In her book, Daughter of the East, Benazir Bhutto wrote after her first stint in power, “But what we did in the economic sphere was truly unprecedented and revolutionary. During my exile in England, I saw how Prime Minister Thatcher’s policies had created a new middle class. My government became the first country in South Asia and the Middle East to introduce privatisation of public sector units. We deregulated our financial institutions. We decentralized the economy…” (P.397).

Thatcher went on to become the most hated politician amongst the British workers in recent history, while the neo-liberal economic policies adopted by the PPP were an outright rejection of the party’s founding documents.

In the 1993 elections, Benazir Bhutto in a television interview, conducted by Farhad Zaidi, boasted that ideology had taken a back seat in the PPP. The point is that when ideology takes the back seat, corruption, nepotism and greed begin to stir.

Asif Zardari and his cohorts even went as far as offering a share in the plunder to the workers – in reality a mere pittance – in order to bring them on board as partners in privatisation of state enterprises. The once socialist and radical left-wing PPP fathered by the mighty revolution of 1968-69 had become the Public Private Partnership party promoting capitalism.

A political party cannot endure eternally on the basis of the past sacrifices of its dynastic leadership, nor can it provide a vision without an ideology and a programme that can unite the masses in the struggle for emancipation.

The tendencies of opportunism and capitulation to capitalism inside the PPP have penetrated deeply. The PPP is not a social-democratic party in the classical sense either. There are no party congresses, ideological debates, or discussions. However, it has been a tradition for workers for over three generations. The traditions of the past can weigh like a nightmare on the brains of the living. The leaders of the party have always taken the support of the masses for granted.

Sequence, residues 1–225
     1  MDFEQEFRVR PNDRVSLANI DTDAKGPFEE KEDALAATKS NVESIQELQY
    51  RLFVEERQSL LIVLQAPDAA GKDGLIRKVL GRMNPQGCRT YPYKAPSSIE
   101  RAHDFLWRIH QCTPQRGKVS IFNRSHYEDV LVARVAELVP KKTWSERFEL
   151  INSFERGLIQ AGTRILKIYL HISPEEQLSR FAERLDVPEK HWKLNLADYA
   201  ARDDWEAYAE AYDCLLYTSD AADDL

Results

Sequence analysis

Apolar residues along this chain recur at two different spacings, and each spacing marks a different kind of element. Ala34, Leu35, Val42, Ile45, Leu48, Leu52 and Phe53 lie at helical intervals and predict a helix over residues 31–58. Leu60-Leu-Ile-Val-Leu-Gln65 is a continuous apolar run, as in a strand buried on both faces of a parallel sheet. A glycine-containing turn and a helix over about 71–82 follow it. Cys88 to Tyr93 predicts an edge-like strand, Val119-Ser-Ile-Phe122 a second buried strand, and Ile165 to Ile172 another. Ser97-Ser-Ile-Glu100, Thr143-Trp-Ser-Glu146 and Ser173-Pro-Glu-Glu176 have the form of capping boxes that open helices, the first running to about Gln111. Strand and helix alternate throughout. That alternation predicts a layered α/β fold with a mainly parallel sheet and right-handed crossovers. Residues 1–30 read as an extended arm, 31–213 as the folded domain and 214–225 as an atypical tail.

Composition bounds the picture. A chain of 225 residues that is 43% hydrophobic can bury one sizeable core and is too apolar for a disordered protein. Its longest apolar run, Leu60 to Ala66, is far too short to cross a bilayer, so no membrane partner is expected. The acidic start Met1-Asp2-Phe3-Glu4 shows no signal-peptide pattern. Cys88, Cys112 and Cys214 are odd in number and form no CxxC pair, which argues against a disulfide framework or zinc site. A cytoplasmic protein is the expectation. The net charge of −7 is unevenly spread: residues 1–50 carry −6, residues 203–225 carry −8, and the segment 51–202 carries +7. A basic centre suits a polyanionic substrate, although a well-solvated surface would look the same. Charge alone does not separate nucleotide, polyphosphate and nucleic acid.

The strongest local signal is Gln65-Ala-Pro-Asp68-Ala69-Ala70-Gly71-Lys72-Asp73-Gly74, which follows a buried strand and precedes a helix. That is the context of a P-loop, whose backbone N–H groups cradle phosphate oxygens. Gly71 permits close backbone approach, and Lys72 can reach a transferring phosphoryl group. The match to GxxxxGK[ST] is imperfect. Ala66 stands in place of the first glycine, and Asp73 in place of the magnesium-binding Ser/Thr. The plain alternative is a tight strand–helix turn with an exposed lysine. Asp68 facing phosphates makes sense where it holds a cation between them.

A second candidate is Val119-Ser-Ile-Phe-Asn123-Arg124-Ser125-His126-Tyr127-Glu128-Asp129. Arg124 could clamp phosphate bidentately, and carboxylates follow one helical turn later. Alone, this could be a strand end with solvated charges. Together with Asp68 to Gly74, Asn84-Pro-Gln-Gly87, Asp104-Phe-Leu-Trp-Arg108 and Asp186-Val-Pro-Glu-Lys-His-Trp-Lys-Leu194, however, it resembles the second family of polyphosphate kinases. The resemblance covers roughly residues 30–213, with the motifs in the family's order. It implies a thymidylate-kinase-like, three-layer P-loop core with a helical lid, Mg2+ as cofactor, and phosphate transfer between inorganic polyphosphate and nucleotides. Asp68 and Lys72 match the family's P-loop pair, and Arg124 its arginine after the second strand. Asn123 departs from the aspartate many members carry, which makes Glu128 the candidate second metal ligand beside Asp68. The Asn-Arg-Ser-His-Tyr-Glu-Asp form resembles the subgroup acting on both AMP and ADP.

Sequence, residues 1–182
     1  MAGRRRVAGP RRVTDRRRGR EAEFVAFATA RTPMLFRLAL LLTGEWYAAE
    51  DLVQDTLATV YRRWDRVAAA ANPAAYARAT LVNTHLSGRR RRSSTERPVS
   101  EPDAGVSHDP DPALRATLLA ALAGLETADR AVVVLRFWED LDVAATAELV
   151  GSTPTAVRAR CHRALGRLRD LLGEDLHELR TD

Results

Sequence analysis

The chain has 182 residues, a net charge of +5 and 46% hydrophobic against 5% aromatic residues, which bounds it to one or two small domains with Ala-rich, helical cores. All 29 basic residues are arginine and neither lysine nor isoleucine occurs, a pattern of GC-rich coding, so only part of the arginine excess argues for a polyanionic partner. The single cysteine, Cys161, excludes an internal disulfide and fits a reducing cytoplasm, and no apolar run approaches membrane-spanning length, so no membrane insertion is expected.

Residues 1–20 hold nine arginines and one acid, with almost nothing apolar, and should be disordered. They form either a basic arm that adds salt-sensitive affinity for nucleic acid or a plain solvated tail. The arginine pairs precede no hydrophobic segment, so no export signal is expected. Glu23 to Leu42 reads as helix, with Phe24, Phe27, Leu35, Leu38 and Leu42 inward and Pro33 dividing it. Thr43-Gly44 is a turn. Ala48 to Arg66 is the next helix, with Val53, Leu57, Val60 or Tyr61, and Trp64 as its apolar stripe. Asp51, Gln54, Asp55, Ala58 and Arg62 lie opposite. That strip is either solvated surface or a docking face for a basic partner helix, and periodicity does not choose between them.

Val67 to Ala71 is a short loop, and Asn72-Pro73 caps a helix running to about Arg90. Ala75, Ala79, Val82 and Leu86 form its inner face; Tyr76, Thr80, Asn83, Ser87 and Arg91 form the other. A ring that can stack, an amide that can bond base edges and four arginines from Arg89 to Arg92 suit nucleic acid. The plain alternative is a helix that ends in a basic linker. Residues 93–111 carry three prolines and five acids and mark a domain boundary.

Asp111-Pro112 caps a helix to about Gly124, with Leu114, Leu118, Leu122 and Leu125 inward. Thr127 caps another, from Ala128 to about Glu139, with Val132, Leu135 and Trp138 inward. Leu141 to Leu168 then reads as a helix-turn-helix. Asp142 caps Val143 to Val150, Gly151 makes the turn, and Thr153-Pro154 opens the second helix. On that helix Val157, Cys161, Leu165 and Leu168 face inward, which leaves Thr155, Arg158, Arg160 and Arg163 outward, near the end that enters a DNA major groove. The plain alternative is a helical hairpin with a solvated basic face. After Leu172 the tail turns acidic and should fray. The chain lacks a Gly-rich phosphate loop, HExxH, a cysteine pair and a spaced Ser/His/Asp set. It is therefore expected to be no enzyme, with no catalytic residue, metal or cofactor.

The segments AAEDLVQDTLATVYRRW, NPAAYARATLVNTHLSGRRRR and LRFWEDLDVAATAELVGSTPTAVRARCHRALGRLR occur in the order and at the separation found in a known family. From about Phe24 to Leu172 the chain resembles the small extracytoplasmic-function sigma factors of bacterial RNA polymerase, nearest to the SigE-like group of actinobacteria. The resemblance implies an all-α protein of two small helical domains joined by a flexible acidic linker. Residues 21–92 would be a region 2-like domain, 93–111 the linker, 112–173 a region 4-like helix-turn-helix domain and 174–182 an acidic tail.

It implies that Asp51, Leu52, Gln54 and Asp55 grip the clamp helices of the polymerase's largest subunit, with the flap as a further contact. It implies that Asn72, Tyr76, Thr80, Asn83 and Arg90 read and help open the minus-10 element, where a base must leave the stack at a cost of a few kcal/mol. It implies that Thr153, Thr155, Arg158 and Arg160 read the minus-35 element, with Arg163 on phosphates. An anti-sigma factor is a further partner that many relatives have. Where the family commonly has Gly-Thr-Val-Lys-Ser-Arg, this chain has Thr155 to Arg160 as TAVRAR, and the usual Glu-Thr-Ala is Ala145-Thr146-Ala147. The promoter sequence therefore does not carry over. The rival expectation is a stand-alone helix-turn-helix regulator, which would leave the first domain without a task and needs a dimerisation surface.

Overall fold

The masses still don’t have an alternative choice. How long can such a situation continue and the masses tolerate such an excruciating system that is devouring their lives? The real mood of the masses is one of disgust with all the present politicians and the system they represent. Inevitably, a major eruption of class struggle will unfold in the coming period. In this situation the PPP will be torn apart by the contradictory class pressures that will be brought to bear on it. There will be ferocious factional struggles.

However, splits in the past have involved individuals instead of ideologies, policies and programme. Now the struggle has to be launched on a class basis to salvage the revolutionary role that the oppressed envisage in the party. If the Marxists in the party boldly put forward the party’s original revolutionary socialist programme, they can win the hearts and minds of the genuine activists and the working masses. The original party can then revive and play the role for which it was created with the blood and tears of the exploited classes.

Ted Grant used to say, “There is no future without the past.” The PPP’s survival is to be found in redeeming its socialist founding principles, tying the knot of history, completing the unfinished revolution of 1968-69 and transforming society. Otherwise it will eventually be consigned to the dustbin of history. A new wave of revolutionary class struggle will inevitably arise and chisel out a new party that will be instrumental in accomplishing the socialist victory. That is the only way out for the masses from this misery.